Warren said in an interview that she heard of her mother’s Native American blood through a series of conversations the two of them had while Warren played with a favorite set of paper dolls. The dolls included a groom and a bride in a pink wedding dress. One day Warren, then about 7, asked her mother about her own wedding dress, and her mother said she had not had one. When Warren pressed for details, “she said no one came to her wedding at all. This is when I realized something was wrong. . . . That is when she explained.”
Warren said she was informed by others in the family that her mother’s mother “was a little bit Delaware, and her father was more Cherokee.” Told that her brother recalled the opposite, she added, “It might have been the other way around.” Her grandmother, she added, “always talked about PawPaw being a lot more Indian.”
The Cherokee Nation, like many tribes, will only release the names of those on its rolls to those claiming membership. While a spokeswoman for the Delaware Tribe of Bartlesville, Okla., one of several branches of the tribe, said that their roll includes a member with the name of Reed born around the turn of the century, she would not provide additional information. Warren’s campaign declined to request the information from either tribe.
Some among the many descendants of Hannie and Laura Crawford’s siblings — who did not marry Reeds — say they had never heard of Native American blood in the family. Dixie Crawford Hicks, another of Warren’s second cousins and the chairwoman of the Department of Social and Behavioral Science at Faulkner University, a Christian university in Montgomery, Ala., plumbed deep into the family history in writing a biography of her grandfather in 1976. Rosco Crawford, Hannie Crawford’s brother, told Hicks that as a young boy living in the Creek Nation of Indian Territory, the Indians were “pretty mean.” Once, when a Creek was hitting Crawford’s younger brother, their father shot and wounded the Indian, according to her biography, on file at California State University at Fullerton.
Hicks’s father, Clyde Crawford, a first cousin to Warren’s mother, said he had no knowledge of the family having Native American blood, according to Hicks.
So, too, Vivian Renfrow, 99, a first cousin to Warren’s mother living in Tulsa, said she never knew that her aunts Hannie and Laura married men who some believed to have Indian roots. She remembers being fearful of Indians in the years just after statehood, “who would stop by on their horses at night and Daddy would call Mama to get the gun in case they did something, but they never did.”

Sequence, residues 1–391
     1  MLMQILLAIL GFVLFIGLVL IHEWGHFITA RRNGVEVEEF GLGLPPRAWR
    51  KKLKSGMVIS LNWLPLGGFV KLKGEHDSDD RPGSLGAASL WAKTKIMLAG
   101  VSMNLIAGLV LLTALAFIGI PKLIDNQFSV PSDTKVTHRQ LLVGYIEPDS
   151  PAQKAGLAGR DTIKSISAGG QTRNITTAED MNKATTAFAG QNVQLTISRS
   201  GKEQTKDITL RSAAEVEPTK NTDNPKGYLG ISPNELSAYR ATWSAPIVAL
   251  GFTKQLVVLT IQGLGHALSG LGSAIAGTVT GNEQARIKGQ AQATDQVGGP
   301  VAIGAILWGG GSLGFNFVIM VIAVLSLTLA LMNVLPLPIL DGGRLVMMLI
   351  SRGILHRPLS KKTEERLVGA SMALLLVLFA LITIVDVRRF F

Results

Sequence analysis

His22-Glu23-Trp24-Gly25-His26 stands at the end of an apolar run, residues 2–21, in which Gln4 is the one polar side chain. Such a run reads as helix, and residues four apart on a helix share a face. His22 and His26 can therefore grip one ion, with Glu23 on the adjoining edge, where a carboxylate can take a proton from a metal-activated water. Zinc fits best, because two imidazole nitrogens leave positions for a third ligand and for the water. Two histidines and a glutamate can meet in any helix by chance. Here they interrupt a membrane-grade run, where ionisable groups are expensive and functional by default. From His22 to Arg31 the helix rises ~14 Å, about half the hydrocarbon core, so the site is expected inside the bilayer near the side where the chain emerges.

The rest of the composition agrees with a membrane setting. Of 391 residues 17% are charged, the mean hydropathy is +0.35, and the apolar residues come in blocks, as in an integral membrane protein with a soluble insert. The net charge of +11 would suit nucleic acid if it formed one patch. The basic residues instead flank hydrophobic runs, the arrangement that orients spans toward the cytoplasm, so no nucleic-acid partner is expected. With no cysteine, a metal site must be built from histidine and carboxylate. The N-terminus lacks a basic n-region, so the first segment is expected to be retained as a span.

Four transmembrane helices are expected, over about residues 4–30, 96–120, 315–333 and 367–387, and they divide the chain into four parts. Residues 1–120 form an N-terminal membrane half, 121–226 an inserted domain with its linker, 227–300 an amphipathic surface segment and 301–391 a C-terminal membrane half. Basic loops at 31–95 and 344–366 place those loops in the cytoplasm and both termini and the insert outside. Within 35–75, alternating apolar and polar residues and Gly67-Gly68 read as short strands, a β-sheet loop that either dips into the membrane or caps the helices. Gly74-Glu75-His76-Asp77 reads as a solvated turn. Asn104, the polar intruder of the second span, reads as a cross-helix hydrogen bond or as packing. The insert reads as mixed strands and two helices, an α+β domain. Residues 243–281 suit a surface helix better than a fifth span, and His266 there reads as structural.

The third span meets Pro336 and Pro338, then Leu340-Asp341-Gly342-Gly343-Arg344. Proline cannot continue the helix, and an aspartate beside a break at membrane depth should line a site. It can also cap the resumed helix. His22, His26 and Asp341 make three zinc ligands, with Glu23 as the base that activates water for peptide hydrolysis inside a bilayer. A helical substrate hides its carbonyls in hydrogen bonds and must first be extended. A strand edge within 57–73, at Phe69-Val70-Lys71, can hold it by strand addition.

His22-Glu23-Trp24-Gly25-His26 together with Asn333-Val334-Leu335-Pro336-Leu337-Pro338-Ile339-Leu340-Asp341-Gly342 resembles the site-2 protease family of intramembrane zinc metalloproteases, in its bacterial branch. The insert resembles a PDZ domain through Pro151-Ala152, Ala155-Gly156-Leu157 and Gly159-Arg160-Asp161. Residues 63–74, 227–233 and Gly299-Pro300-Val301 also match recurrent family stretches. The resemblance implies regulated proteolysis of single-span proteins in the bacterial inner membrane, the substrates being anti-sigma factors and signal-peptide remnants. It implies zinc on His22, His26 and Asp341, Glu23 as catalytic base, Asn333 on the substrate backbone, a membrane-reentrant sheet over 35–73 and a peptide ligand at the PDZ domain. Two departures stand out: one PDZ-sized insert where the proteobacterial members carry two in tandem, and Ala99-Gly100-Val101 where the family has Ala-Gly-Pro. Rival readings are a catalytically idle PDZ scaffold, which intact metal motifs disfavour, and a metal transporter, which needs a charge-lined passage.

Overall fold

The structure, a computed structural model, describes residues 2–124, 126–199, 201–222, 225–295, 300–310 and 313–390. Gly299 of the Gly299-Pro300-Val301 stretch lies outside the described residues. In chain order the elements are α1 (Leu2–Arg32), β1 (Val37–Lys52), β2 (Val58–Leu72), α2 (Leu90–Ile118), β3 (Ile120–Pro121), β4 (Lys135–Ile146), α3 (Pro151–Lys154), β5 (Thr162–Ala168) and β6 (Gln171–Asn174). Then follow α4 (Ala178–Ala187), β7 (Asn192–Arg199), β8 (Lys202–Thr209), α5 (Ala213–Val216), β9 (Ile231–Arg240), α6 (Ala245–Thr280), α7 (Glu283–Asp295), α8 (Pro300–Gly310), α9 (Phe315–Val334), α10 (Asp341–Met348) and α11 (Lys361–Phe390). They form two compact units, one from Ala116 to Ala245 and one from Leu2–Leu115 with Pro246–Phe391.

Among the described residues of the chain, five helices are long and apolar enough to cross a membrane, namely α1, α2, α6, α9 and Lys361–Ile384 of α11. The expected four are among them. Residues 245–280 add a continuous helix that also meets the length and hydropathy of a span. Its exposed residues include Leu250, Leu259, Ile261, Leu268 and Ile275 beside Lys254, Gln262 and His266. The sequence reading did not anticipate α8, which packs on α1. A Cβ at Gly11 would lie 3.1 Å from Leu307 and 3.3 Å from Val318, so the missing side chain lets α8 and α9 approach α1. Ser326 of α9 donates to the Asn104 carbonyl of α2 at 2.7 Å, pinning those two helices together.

However, other descendants of Hannie and Laura — those with a direct connection to the Reed brothers — say they were told stories about their Cherokee and Delaware blood similar to those heard by Warren and her brother. Like their cousins, they never questioned the truth of what they were told and apparently made no attempt to document their roots.
Gloria Wysong, a cousin of Warren’s, said in an e-mail that her mother told her that the family’s heritage “was Delaware, but the Delaware and Cherokee merged together. She’d heard the stories from her grandfather who built houses in Indian Territory.” Wysong, who lives in Oklahoma City, and others in the family declined to elaborate.
Robert C. Boraker, a retired journalist and amateur genealogist who said he is Warren’s fourth cousin — their great-great-grandfathers were brothers — said his father often told him that his grandmother, a Crawford, was one-eighth Indian. “It was Cherokee blood,” said Boraker, who lives in St. Albans, England, and publishes a family newsletter that includes the Crawford line. “There was no documentation, but it was what we knew, what we were told.”
Warren’s brother David, eight years her senior, calls the public controversy over the subject “a bunch of baloney.” He remembers relatives cautioning him when he played cowboys and Indians as a child. “My aunts said, ‘Be careful shooting the Indians because some of them are your relatives.’ ” But most shied away from the subject of the family’s heritage, Herring added, because “it wasn’t something you were proud of.”
By the time Warren came of age in the early 1960s, that attitude still prevailed in certain quarters of Oklahoma society. In bars and restaurants outside Oklahoma’s urban centers, signs could still be seen saying, “No Dogs or Indians Allowed.”
While there was greater tolerance in urban centers such as Oklahoma City, Native Americans continued to encounter discrimination and hostility. As Jerry Bread, outreach coordinator for the Native American Studies program at the University of Oklahoma, puts it, “It was not acceptable socially or racially to be an Indian at the time,” said Bread, who is half Cherokee and half Kiowa. “White folks did not want to be identified as Indian whether they were one-eighth or one-half. In a short time, the reverse happened, as there were benefits to be had.”Continued...